The solution is to cut the spring to 24.5 coils, which leaves enough space in the tunnel without danger of spring bind in every Commander I’ve used it in. Because of the decreased preload space and the tighter compression at full slide travel…the resulting spring load at full travel is right around 16.5 pounds…or about a pound less than a Commander-specific 18 pound spring.
I’ve done this for years, in dozens of my own Commanders…steel or aluminum alloy frames…and in dozens tht belong to other people…without ill effect, and I haven’t bought a “Commander” spring in over 30 years.
One caveat. Be sure to check for coil bind before firing the gun. Specs can vary. Although I haven’t had it happen yet, that doesn’t mean that it can’t. As the wisdom goes: “I only know what I can measure.” A quick test is to install the spring and hand-cycle the slide briskly but not brutally, letting it hit the impact abutment. If you hear a sharp metallic noise…it’s probably good to go. If you hear and/or feel a dull thud or a crunch…it’s in coil bind. Trim a half coil and retest.
So…it won’t be the same spring…but it can be substituted.
This applies to Colt Commanders and faithful clones with 4.25 inch slides and standard recoil systems only.
I stated in my previous post on the topic that the purpose of the “recoil” spring is returning the slide to battery. This seems to cause a little confusion due to Bill Wilson’s advice to use different spring rates to “tune” the gun to the load…with the criteria being to use the heaviest spring that will allow the slide to lock consistently…and the yardstick being how far the brass flies on ejection.
I don’t want to pick on the old watchmaker unduly…but this very often leads to grossly overspringing the gun. There are too many factors involved in ejection distance than just the slide’s velocity when it hits the impact abutment.
Another cry that I hear is that, when firing hot-rod +P ammo, that a heavier spring is needed because of the pressure…or to protect the frame from damage…neither of which has any basis in reality. Like the ever-present shock buff…this seems to be marketing. People who are in the business of selling springs want to…well…sell springs.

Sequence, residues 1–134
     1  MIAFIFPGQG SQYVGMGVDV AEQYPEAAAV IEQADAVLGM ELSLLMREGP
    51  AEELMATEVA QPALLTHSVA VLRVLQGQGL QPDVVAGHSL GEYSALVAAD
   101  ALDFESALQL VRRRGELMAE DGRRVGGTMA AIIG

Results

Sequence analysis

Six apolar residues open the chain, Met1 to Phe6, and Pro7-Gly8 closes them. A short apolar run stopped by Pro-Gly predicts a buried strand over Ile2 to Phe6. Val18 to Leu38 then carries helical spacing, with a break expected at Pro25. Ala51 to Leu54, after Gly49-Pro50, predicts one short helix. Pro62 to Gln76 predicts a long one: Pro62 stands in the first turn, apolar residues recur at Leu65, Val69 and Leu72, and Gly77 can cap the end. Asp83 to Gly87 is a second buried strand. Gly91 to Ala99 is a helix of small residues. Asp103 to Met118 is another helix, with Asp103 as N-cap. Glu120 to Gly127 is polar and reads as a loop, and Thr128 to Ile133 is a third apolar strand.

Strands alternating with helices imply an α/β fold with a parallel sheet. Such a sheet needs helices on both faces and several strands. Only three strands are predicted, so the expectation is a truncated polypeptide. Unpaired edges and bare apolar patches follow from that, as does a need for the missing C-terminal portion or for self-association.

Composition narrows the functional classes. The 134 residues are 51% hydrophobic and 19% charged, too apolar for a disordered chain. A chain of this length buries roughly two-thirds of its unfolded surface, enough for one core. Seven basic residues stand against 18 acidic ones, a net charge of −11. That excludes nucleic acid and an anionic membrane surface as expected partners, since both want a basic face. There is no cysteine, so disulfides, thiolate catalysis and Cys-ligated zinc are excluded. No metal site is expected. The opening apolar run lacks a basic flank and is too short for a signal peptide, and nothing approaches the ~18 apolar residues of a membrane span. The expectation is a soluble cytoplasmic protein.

Convince the customer that he “needs” it…and then sell it to him.
By overspringing the gun, you really aren’t keeping it from breaking. You’re just changing what breaks. Remember that springs work in both directions. A stronger spring means slower rearward, and faster forward. Faster forward….faster than necessary…increases momentum and impact when the slide slams home. That places more impact stress on the lower lug feet…the slidestop crosspin…and the holes in the frame that the pin mounts in. While a good slidestop should endure…sometimes the holes and the lug feet don’t do so well. The impact abutments are designed to absorb impact. The other areas mentioned aren’t. Slip the slidestop pin through the barrel link and swing it to the in-battery position and take note of the tiny area of the lug feet that bear on the pin. That’s what is involved in actually stopping that 18-ounce slide and barrel assembly…driven by the spring.
I’ve seen oversprung Colt LW Commanders egg-shape those holes and crack the frames adjacent to the holes in the bottom with as little as 1500 rounds.
Overspringing also makes the pistol more grip sensitive. That is…more prone to limp-wrist failures to eject unless the gun is gripped firmly. A properly sprung pistol should function when cradled in the hand, barely supported with the thumb and index finger, with maybe the pinky lightly keeping the butt stable. If it won’t function when gripped in that manner, it’s a range queen…not a defensive sidearm.
Overspringing also increases felt recoil rather than softening it. I’ll get into that in Part 3.
Cheers, ladies and laddies.